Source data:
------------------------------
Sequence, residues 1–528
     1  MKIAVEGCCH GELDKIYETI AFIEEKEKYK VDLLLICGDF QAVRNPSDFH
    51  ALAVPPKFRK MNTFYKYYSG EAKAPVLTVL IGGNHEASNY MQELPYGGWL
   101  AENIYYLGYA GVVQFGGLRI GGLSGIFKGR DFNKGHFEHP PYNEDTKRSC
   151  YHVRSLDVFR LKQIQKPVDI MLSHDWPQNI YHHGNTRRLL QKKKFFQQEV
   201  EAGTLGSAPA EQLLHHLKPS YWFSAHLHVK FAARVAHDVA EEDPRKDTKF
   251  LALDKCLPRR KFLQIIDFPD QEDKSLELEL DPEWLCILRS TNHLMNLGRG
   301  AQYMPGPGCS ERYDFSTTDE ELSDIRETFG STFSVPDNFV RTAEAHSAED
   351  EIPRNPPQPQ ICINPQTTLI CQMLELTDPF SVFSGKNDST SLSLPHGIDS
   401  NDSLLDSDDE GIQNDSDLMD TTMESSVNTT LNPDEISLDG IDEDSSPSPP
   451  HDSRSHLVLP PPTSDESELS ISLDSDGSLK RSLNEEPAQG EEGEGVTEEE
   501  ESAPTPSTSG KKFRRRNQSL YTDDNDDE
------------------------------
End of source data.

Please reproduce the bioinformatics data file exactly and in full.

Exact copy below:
Sequence, residues 1–528
     1  MKIAVEGCCH GELDKIYETI AFIEEKEKYK VDLLLICGDF QAVRNPSDFH
    51  ALAVPPKFRK MNTFYKYYSG EAKAPVLTVL IGGNHEASNY MQELPYGGWL
   101  AENIYYLGYA GVVQFGGLRI GGLSGIFKGR DFNKGHFEHP PYNEDTKRSC
   151  YHVRSLDVFR LKQIQKPVDI MLSHDWPQNI YHHGNTRRLL QKKKFFQQEV
   201  EAGTLGSAPA EQLLHHLKPS YWFSAHLHVK FAARVAHDVA EEDPRKDTKF
   251  LALDKCLPRR KFLQIIDFPD QEDKSLELEL DPEWLCILRS TNHLMNLGRG
   301  AQYMPGPGCS ERYDFSTTDE ELSDIRETFG STFSVPDNFV RTAEAHSAED
   351  EIPRNPPQPQ ICINPQTTLI CQMLELTDPF SVFSGKNDST SLSLPHGIDS
   401  NDSLLDSDDE GIQNDSDLMD TTMESSVNTT LNPDEISLDG IDEDSSPSPP
   451  HDSRSHLVLP PPTSDESELS ISLDSDGSLK RSLNEEPAQG EEGEGVTEEE
   501  ESAPTPSTSG KKFRRRNQSL YTDDNDDE